Talking to Relatives About Guardianship of a Child with Special Needs
You can typically only choose one or two guardians for your child with special needs but this doesn't mean that you can't get...Read more
When retirement looms, many military families with children with special needs face a decision about whether or not to choose the Survivor Benefit Plan (SBP) retirement option. Receipt of SBP payments could jeopardize the child's eligibility for SSI and Medicaid.
If a military member contributes approximately 6.5 percent of his retirement pay towards this program (or approximately $20 a month for a child with disabilities), SBP will pay up to 55 percent of the military member's retirement pay to a spouse or dependent child, or both, upon the military member's death. The military member can select between coverage for a spouse only, a spouse and children, or children only.
If the military member dies having chosen SBP for the disabled child only, the child will receive 55 percent of the member's retirement income. The same is true if the member and spouse die after having chosen SBP for both the spouse and child. In either case, receipt of SBP payments could affect the child's eligibility for SSI and Medicaid. This happens because SSI is a needs-based program. If an SSI beneficiary begins to receive unearned income from SBP, his SSI benefit will be reduced on a dollar-for-dollar basis. If the SBP payment exceeds the child with disabilities' SSI award, the child will lose SSI and the essential access to Medicaid that accompanies it.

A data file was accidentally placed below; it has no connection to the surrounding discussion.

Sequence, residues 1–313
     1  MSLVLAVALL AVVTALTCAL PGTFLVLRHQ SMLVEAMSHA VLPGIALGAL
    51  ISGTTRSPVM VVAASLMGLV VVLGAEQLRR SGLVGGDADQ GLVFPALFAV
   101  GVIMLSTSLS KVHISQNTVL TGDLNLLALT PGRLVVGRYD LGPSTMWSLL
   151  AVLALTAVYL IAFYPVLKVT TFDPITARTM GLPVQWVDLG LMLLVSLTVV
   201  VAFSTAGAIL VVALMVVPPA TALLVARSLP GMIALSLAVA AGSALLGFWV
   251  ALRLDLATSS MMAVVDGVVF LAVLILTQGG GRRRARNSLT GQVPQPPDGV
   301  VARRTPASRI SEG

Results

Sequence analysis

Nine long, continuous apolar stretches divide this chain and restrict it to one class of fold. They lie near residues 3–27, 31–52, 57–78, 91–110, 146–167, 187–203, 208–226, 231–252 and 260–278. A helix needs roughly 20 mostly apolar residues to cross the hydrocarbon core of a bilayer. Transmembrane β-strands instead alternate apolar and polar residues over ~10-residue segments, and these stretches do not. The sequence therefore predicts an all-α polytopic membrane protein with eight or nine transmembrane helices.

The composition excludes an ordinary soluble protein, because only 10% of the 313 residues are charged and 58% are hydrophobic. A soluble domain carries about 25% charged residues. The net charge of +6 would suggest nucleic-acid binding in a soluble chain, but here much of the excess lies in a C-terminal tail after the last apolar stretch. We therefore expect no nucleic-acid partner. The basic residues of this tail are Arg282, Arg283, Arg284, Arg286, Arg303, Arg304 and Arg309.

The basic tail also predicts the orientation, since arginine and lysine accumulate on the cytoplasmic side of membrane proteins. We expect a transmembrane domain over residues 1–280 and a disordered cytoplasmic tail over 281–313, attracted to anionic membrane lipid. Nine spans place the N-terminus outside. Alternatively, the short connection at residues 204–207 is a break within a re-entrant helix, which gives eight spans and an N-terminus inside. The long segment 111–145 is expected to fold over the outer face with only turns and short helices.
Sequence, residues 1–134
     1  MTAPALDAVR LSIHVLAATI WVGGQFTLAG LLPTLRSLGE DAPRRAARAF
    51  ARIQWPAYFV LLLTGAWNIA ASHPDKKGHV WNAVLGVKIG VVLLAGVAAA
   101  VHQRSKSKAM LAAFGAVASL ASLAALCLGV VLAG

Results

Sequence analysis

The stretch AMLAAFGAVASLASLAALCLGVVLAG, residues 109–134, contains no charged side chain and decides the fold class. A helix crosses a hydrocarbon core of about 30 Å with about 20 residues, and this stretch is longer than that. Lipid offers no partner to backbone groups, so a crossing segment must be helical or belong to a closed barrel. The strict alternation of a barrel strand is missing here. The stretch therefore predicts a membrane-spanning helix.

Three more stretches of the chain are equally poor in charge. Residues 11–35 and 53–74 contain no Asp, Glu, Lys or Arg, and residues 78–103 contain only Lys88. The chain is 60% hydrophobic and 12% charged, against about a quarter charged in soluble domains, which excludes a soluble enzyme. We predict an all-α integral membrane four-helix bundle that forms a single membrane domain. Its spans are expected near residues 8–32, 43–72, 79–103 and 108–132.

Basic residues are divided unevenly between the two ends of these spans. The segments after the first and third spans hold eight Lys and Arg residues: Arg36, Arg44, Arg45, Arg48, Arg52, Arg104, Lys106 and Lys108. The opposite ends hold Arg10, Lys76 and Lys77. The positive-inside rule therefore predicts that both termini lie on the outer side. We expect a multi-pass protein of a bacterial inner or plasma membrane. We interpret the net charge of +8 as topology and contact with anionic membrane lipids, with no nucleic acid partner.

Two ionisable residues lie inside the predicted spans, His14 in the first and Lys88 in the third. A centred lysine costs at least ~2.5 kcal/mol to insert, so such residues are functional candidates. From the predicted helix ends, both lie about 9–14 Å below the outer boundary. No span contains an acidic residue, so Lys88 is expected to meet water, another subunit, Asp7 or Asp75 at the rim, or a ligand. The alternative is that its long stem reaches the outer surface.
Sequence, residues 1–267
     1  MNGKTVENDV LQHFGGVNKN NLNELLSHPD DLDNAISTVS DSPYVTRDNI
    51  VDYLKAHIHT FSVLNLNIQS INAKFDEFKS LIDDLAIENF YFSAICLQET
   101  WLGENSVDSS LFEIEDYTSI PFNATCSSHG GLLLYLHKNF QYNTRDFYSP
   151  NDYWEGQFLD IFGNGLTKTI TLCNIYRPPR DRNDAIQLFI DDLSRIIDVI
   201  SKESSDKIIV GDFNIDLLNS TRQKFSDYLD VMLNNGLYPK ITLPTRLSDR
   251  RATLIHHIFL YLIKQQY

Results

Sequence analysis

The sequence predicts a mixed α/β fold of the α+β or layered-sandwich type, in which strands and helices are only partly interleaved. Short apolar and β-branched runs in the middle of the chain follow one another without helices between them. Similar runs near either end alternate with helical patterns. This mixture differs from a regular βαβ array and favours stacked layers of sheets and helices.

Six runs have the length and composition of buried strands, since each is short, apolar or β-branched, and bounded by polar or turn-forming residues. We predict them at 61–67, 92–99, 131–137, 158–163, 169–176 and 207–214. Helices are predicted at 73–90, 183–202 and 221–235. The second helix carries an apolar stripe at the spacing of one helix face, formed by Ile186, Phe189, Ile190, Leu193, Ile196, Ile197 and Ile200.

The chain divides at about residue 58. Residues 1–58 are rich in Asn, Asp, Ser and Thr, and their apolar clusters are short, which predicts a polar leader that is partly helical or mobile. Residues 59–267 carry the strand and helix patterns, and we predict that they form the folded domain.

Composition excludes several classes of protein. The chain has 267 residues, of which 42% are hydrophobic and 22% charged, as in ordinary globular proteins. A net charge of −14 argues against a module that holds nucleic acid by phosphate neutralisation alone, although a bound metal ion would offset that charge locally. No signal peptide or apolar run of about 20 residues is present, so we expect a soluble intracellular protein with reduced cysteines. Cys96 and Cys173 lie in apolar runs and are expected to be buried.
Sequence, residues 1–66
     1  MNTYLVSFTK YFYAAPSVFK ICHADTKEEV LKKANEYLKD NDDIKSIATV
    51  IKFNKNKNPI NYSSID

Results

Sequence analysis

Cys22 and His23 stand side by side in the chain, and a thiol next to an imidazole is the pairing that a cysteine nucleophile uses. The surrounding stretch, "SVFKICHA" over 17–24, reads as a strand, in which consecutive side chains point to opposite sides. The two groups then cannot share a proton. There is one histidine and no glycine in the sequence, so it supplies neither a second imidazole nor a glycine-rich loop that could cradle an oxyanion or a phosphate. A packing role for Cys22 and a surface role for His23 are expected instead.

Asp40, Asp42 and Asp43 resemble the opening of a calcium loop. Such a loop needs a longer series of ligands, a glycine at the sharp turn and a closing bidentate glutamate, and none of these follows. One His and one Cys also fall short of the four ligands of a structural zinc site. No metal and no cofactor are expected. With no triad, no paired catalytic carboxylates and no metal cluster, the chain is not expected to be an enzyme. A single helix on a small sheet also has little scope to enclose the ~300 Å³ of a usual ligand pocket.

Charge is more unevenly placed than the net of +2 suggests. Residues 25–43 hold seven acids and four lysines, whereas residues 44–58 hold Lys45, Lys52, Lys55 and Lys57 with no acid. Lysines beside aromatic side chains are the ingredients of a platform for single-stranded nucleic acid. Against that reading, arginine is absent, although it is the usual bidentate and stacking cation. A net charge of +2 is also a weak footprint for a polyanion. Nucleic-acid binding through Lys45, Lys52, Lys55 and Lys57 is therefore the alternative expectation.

In an article titled "The Military's Survivor Benefit Plan and the Disabled Child," Ronald S. Pearson, CFP, and a retired Navy Captain, discusses the issues surrounding a disabled child's receipt of SBP and the options for making sure SBP does not endanger eligibility for government benefits. Although Mr. Pearson says that once the SBP payments start there is no way to stop them, the military member, while still living, can select the spouse only option for the SBP or apply to modify the SBP election. While the modification process involves an application to the Board for Correction of Military Records, and could take a little while to complete, it is well worth the effort to preserve a child's future SSI and Medicaid benefits.
Pearson is the owner of Beach Financial Advisory Service, a financial planning firm in Virginia Beach, Virginia.